Ahmir Thompson—a.k.a. ?uestlove—is sleepy. The drummer and unofficial spokesman for Jimmy Fallon’s house band, the Roots, woke up this morning in Philadelphia, where he lives, at 5:45 a.m. Now it’s 10 p.m., and he has many more hours left in his day, so he’s trying to take a nap backstage at the HighLine Ballroom, where the Roots have taken up a weekly residency. Their set isn’t even supposed to begin until eleven. “Based on this catnap I’m trying to take,” says Thompson, a soft, Pooh-like pile of a person, sighing, “I really need to have my ass in New York.”
Indeed, it’s the 36th day in a row that Thompson and a few of his bandmates have done this 200-mile round-trip commute. “I’ve gotta find a spot by day 60, or I’m-a be delirious. I’m pretty much at the mercy of hotel vacancies and Zoe Kravitz’s couch.” The actress and daughter of Lenny offered to let him crash with her, but hadn’t yet followed through. He grabs my tape recorder and bellows into it: “Bad host!”
So Thompson again woke up in Philly in time to catch the band’s bus at eight. After three hours of rehearsal at Legacy Studios on 48th Street and a brief lunch, the band raced to 30 Rock, where they rehearse their parts in all of the day’s potential sketches—“even if it’s just one note”—with Fallon. After a warm-up song at precisely 5:29 p.m., they shot the show in an hour. A half-hour later, Thompson would have been on the bus to Philly again, to work out with his trainer until eleven and get to bed by 2:30 a.m., if not for tonight’s gig or, really, any number of others in which he’s become entangled. So why not move?
“I’m … not that rich,” he chuckles. “I’m trying to crash it out till I find a very desperate, irresponsible real-estate owner who’s like, ‘Ugh, Ahmir, can you please come take over my Park Avenue mansion? A thousand a month and we’ll call it even!’ ”
Back to Philly it is tonight, before returning tomorrow for Fallon and then D.J.-ing his weekly party at (Le) Poisson Rouge. “Oooh, yeah, my thing tomorrow, fantastic!” he exclaims, apparently just remembering it. He removes the comb implanted in his Afro and scratches his head pensively before reinserting it. “I think there would be valid bitchin’ about the Fallon gig if we didn’t do stuff like this,” he says. “I kinda feel in some dysfunctional way I have to prove I’m still an artist and not this guy who gave away seventeen years of his history to be a late-night drummer.”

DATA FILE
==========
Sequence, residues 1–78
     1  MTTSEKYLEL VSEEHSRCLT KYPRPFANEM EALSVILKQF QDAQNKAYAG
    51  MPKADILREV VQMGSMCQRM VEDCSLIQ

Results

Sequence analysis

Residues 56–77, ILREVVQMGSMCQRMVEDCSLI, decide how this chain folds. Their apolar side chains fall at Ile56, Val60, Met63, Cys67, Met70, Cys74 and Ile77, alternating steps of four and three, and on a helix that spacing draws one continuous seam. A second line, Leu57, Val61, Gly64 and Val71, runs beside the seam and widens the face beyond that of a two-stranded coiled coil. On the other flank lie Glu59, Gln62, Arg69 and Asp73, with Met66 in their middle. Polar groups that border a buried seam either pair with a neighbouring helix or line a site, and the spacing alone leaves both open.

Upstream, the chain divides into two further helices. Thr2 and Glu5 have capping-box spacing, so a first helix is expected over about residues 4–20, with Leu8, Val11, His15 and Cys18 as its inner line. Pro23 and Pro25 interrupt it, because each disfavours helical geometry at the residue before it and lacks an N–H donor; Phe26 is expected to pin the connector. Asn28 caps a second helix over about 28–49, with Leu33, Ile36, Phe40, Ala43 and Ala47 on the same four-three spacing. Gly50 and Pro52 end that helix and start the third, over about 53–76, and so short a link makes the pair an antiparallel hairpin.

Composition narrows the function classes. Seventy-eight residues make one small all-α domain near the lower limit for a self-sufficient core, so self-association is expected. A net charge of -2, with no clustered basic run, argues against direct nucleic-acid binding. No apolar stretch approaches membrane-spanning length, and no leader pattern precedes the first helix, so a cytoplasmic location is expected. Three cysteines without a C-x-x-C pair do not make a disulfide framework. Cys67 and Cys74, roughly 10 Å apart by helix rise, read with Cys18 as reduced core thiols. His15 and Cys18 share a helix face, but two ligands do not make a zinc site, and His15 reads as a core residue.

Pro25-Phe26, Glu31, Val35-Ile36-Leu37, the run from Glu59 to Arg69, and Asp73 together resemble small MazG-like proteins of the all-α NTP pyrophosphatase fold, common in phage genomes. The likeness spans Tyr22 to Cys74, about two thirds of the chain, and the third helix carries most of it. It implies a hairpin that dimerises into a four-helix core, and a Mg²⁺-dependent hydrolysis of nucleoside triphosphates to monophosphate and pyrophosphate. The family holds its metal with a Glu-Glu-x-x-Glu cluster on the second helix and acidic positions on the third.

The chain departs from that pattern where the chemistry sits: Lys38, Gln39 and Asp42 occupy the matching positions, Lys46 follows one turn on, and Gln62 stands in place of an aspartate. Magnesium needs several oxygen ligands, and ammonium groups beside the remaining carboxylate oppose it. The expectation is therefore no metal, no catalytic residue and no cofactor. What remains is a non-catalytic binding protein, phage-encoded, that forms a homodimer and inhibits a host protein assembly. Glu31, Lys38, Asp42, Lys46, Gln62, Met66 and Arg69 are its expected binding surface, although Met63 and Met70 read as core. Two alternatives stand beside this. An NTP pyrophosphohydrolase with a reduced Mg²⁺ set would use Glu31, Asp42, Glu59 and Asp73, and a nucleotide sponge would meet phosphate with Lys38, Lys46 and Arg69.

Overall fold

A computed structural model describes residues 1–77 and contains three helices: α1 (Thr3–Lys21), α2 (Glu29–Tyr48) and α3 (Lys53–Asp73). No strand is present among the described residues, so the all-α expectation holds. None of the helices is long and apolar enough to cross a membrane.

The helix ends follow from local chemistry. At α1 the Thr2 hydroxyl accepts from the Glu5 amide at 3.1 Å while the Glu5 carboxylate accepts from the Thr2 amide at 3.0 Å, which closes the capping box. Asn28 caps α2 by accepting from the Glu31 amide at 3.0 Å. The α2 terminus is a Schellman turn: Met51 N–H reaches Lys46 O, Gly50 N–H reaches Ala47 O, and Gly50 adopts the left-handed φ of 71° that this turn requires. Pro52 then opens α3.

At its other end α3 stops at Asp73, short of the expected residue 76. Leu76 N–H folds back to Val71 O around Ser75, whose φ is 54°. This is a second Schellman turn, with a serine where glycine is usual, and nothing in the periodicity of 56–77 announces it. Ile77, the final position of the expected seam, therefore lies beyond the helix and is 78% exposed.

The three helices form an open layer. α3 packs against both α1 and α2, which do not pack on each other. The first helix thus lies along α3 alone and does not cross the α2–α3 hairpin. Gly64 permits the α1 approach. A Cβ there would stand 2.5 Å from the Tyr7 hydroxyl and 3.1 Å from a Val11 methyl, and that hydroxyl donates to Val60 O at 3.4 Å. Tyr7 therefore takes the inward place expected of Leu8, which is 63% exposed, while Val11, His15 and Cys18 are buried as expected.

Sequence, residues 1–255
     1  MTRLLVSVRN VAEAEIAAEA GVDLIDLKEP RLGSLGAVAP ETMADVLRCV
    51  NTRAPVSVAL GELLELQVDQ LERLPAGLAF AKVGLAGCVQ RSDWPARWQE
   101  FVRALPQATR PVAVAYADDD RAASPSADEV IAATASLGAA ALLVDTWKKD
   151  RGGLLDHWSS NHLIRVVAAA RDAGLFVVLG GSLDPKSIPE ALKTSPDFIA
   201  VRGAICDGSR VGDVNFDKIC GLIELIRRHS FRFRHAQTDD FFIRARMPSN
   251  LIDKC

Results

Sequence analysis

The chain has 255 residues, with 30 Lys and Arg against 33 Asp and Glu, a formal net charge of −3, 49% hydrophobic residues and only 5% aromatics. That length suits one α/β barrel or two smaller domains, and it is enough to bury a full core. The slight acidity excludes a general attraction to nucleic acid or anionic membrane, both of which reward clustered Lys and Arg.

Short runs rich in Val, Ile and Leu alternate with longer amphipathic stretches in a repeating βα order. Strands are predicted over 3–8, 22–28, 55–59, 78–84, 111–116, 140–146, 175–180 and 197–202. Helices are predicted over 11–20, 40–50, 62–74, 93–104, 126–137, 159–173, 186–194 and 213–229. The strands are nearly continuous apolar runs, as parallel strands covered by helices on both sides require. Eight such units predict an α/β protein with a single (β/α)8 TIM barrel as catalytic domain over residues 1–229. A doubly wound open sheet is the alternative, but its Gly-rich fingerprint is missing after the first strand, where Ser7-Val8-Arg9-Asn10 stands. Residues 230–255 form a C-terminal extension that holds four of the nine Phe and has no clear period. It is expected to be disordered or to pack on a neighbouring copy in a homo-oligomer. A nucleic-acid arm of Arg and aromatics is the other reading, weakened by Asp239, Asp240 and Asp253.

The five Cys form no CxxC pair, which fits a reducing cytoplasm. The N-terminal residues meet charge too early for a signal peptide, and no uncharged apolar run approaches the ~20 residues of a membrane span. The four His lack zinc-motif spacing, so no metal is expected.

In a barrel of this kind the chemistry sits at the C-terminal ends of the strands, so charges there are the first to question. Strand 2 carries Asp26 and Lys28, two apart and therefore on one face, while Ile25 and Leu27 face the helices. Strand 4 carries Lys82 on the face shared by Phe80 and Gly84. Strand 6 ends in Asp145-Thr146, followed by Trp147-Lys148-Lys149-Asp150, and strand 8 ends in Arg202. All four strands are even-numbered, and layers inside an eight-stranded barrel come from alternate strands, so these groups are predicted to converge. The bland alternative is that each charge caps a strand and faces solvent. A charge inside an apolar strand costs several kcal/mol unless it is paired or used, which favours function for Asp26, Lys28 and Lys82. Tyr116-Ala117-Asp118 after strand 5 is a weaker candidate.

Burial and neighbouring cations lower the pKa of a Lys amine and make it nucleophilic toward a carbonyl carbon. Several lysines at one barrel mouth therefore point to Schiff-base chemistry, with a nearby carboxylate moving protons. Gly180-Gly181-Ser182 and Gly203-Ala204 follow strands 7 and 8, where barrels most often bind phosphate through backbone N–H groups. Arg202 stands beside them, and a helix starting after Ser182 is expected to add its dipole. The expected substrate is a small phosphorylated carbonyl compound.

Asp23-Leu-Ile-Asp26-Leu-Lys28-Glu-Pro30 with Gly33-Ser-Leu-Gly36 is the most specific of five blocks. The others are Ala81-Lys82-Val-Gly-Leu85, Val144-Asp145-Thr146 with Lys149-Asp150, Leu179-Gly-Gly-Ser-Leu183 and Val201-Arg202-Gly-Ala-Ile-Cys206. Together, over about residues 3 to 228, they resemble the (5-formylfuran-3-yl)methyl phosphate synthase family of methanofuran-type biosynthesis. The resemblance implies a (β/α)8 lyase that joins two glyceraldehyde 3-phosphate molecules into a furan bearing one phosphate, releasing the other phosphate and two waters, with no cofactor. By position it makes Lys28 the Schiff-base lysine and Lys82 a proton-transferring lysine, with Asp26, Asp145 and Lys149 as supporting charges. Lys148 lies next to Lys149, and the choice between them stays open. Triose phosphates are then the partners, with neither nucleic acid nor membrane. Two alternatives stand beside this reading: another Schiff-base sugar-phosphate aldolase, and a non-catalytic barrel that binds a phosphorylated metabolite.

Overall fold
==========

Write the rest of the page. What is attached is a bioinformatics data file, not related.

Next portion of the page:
That’s not to say he isn’t enjoying the musical stretches his main job requires: In today’s sketch spoofing the volcano explosions in Alaska, “they let us get our Brian Wilson on,” Thompson says, perking up. “I’ve been looking for an excuse to do something derivative of the Smile album. The volcanoes required probably the most dissonant, free-jazz music we’ve done on the show.” Every Fallon show offers an opportunity for musical inside jokes, and Thompson says he has spent as much as three hours of research on some guests to pick the intro songs.
From downstairs, the sound of a wailing sax vibrates Thompson’s dressing/nap room. It’s the show’s openers, a street group Thompson discovered one day on his way to 30 Rock. “I seen these four black guys playing in front of the Fox building. I was like, ‘This is too good to be true,’ ” he says, laughing. “Just looking at them, like, ‘Oh wow, street musicians, that’s how we started off.’ So I figured, invite ’em, see what kind of charisma they have.” He’s amazed that “the Sarandons—though Tim [Robbins] hates when I say that”—might show up tonight (they didn’t, but Claire Danes and Hugh Dancy were there). He’s wondering what Wu-Tang song he’ll pick to bring out Seth Rogen on tomorrow’s show. And then the next day, he’s off to Canada for a week. For fun? “Oh no,” he says with a heave of his weight. “Always working.”
“But uh, I really want to take a nap before I go onstage,” he whimpers from the sofa. “I hope we’re good tonight. Can you do me a favor and turn out the lights and close the door on your way out?”